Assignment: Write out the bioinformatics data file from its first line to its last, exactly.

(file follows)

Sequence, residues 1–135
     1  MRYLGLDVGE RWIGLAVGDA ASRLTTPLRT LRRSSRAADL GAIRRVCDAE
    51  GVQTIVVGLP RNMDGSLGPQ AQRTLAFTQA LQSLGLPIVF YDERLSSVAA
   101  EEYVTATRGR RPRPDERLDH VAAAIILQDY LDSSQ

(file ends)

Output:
Sequence, residues 1–135
     1  MRYLGLDVGE RWIGLAVGDA ASRLTTPLRT LRRSSRAADL GAIRRVCDAE
    51  GVQTIVVGLP RNMDGSLGPQ AQRTLAFTQA LQSLGLPIVF YDERLSSVAA
   101  EEYVTATRGR RPRPDERLDH VAAAIILQDY LDSSQ